When the aerials are down, and your spirit is covered with snows of cynicism and the ice of pessimism, then you are grown old, even at twenty, but as long as your aerials are up, to catch the waves of optimism, there is hope you may die young at eighty.

16 June 2012


tom walsh

what shall i tell a child if she asks me what is life?
will i recount the pain and hurt and focus on the strife?
or shall i paint a picture of the beauty that is found
in sailing ships and chocolate chips and bugs beneath the ground?

i'd like to think i'd give her hope of all that is to come
but if she reads some poems of mine, her hope shall be undone
i cannot bear to think that i may dim a child's eyes
present to her a world of just confusion, pain, and lies

for if i am to tell her early on of mountain streams
and help her build the pillars that will hold up all her dreams
i'd paint the birds that fill the trees with beauty and with song
a sanctuary in her mind to help when thing go wrong

and in that place in her mind's eye the flowers would grow free
in meadows under blue skies by the mighty loving sea
she's have a place for comfort, have a place to be alone
amidst tomorrow's challenges, no matter how she's grown

i pray to learn my lessons from the children whom i meet
i dream of sowing sunshine on a crowded city street
i pray my words shall never hurt the child here inside
i pray that never shall i fear the child in me has died

i must reject some words of mine if i'm to feel i'm free
embracing hope, i must hold on to how good life can be
that i may treat the children with respect that they deserve
for i shan't live for self alone--i give my life to serve

15 June 2012

What Does (S)he Need?

There's a question that I've begun to ask myself whenever I'm in a one-on-one situation with another person.  It's a pretty simple question, really--what does this person need?

You see, my role in any interaction is up to me.  Usually we just follow along in a simple role without giving it much thought.  If someone starts talking to us, we just start talking back, and our role is just as a participant in a conversation.  But often we have the opportunity to be something different--something more, even--if we take the time and make the effort to try to assess the situation.

For example, someone may come to me and ask for advice.  On the surface, that's fine, and I may start giving advice.  But if I ask myself, what does she really need?, I may come up with a different response.  I may realize that she doesn't really want advice, but just wants someone to talk to so that she can make up her own mind.  In that case, I can serve her best by listening closely, and maybe asking a few well-times questions, such as "What do you think would be best to do?"  Or I may see that the person is feeling a bit lost, and could use a little encouragement.  So rather than responding to his comment about a rough day by talking about just how rough my own day has been, I can reply by offering that encouragement, sincerely, from the heart.  The encouragement will go a lot further than just playing the one-upmanship game.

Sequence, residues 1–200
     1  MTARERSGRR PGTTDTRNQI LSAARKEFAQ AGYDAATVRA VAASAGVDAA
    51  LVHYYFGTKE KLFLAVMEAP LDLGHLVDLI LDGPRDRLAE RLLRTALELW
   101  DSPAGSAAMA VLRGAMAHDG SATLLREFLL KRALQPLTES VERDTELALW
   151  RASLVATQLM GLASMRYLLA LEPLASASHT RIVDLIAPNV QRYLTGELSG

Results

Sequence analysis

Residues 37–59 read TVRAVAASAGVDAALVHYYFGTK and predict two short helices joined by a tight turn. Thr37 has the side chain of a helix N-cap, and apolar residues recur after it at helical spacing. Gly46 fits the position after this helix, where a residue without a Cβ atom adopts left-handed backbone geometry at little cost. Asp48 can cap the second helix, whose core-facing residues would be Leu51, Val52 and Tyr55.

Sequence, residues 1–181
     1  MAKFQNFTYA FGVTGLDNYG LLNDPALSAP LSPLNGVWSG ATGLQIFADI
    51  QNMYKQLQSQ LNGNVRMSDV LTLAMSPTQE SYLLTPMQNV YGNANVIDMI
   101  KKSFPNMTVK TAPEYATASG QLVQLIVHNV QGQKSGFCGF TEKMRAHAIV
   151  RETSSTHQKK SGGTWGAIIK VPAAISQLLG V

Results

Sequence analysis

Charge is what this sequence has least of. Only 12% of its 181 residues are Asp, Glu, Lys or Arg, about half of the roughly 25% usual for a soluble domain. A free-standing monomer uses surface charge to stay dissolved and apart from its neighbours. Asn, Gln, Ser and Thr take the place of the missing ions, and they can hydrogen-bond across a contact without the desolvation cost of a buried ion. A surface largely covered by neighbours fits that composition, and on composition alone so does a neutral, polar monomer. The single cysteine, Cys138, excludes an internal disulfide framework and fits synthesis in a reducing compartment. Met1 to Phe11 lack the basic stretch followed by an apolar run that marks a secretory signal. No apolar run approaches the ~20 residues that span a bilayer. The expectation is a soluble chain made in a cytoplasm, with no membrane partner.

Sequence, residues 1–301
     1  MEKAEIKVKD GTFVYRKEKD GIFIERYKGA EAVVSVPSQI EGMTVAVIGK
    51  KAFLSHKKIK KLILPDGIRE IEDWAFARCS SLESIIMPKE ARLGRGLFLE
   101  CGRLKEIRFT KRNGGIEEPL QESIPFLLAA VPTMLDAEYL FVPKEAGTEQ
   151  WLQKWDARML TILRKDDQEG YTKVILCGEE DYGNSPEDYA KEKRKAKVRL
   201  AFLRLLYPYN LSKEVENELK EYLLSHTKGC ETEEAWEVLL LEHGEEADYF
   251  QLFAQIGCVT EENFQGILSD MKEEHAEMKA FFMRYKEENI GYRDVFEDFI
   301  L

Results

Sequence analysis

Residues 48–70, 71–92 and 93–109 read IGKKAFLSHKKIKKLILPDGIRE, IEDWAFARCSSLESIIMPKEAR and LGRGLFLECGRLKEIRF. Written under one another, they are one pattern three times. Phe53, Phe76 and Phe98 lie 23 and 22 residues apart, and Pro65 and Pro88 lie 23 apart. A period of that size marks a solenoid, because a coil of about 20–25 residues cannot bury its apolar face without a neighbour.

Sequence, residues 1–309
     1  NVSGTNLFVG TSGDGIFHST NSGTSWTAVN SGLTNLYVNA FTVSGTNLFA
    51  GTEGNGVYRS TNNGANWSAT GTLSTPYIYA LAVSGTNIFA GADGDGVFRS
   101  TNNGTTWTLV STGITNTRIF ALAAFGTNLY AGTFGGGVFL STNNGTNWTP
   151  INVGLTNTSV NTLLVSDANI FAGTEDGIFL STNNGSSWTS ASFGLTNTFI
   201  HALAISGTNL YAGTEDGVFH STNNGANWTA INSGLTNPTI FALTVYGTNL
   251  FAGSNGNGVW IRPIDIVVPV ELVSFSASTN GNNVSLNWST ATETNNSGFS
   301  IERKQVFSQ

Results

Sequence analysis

Someone who just injured himself may be afraid, and may need to talk about the injury and his fears rather than hearing about how I hurt myself in a similar way.  Someone who's having relationship problems may need to be directed to think about how his or her partner feels rather than being given advice on how relationships work, or how to fix them.  If I truly and sincerely ask myself, "what does this person need?," then I can serve that person in the best way that I know how.  Just falling into a casual conversation usually isn't going to lead to the best of outcomes for the other person, so it's up to me to try to give all that I can to anyone who needs it--and most people need something from us at least some of the time.

13 June 2012

It's All in How We See It

It's the end of the school year, and the end of the year always reminds me of a senior prank at one of my schools.  Over the long weekend some students got into almost all of our classrooms and put all the desks up on the roof.  When we got to school on Monday morning, our classrooms were empty of desks, and when the students showed up there was nowhere to sit except on the floor.  When all is said and done, it was a pretty good prank to pull, though the amount of work to fix it will be much more than anyone really thought of before they actually did what they did.